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Foundations of Interpersonal

and Group Behavior

Groups to which you
may belong

An Overview
A reminder to business leaders of the continuing
value of hands-on management and face-to-face

“Without meaningful personal

interaction and doing ‘real’ work
together, it is hard to build trust,
understanding and accountability.”
The Interpersonal Nature of
Interpersonal relations and group processes
pervade all organizations and are vital in
managerial activities
Interpersonal Dynamics: Types of Interactions
• Between individuals
• Between groups
• Between individuals and groups
Outcomes of Interpersonal Behaviors
• Primary source of need satisfaction
• Base for social support
• Source of synergy
• Conflict
What is A Group?

A group is two or more

people who interact with one
another such that each
person influences, and is
influenced by, each other
What is Dynamics?

Dynamics - the ‘forces’ that

produce change in any field or
The Nature of Groups
Members of a group may identify a little or not at all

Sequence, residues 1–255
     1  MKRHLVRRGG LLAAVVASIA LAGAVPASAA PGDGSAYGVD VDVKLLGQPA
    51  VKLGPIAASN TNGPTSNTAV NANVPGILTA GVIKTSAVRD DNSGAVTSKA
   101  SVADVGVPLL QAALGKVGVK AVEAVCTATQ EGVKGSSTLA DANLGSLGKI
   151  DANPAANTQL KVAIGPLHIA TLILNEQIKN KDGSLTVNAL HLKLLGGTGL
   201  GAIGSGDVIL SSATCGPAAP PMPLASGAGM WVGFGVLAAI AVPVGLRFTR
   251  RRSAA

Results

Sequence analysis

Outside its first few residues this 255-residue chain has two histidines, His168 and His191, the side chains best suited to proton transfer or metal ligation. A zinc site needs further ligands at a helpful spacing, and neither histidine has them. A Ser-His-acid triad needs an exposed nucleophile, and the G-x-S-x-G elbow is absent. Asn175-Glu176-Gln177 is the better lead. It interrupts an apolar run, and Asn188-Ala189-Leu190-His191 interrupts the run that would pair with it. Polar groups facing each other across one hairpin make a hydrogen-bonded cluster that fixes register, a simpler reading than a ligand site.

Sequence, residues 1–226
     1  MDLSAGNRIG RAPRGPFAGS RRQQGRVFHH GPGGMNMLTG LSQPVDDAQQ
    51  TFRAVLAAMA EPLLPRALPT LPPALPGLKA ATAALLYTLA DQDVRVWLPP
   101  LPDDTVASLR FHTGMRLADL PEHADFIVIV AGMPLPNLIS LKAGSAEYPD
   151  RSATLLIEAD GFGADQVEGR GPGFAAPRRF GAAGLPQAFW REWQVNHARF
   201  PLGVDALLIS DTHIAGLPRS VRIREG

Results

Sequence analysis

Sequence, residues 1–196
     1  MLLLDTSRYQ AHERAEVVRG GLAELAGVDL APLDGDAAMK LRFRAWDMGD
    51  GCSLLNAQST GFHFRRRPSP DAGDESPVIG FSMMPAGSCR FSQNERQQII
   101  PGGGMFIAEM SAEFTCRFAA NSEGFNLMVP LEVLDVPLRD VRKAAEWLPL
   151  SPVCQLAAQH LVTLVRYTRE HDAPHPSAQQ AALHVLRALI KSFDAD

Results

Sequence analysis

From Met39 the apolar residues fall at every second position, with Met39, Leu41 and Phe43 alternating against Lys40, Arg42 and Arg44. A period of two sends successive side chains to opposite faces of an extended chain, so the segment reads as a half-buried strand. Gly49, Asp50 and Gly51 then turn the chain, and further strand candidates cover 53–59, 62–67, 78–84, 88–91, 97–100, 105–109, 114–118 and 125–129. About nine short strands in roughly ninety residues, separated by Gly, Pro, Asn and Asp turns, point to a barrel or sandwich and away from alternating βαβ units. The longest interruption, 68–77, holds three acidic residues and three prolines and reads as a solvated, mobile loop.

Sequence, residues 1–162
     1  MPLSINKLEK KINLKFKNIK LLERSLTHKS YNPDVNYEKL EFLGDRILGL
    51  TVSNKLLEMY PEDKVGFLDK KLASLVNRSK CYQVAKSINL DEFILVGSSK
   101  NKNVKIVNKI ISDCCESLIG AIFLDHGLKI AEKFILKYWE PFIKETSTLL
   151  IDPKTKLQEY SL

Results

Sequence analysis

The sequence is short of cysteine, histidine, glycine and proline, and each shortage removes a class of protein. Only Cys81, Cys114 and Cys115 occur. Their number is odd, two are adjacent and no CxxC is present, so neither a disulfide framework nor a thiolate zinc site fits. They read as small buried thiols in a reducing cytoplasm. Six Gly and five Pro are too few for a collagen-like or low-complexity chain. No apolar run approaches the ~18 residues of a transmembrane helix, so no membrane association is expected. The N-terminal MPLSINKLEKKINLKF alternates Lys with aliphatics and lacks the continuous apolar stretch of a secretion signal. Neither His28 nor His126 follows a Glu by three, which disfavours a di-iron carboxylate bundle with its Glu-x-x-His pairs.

with the group’s goal.
Members may satisfy needs just by being members.
The behavior of individuals both affects and is
affected by the group.
The accomplishments of groups are strongly
influenced by the behavior of their individual
The work group is the primary means by which
managers coordinate individuals' behavior to achieve
organizational goals.
The behavior of individuals is key to the group’s
success or failure.
Three-Phase Model - GD
Phase 1 – reasons for forming the group will
determine what type of group it will be.
Phase 2 – a four-step process of group
development occurs. The precise nature of
these steps depends on four primary group
performance factors.
Phase 3 – a mature, productive, adaptive
group evolves and pursues organizational
[See Figure 9.1, page 233]
A General Model of Group
Why Study Groups?
To understand the behavior of people
in organizations, we must understand
the forces that affect individuals as well
as how individuals affect the

The behavior of individuals both affects

and is affected by the group [soldiering, all-star
player added to a team, etc.].
Why Study Groups? [continued]

Managers must be aware of individual needs

and interpersonal dynamics to manage
groups effectively and efficiently because the
behavior of individuals is key to the group’s
success or failure.
The work group is the primary means by
which managers coordinate individuals’
behaviors to achieve organizational goals.
Managers direct the activities of individuals,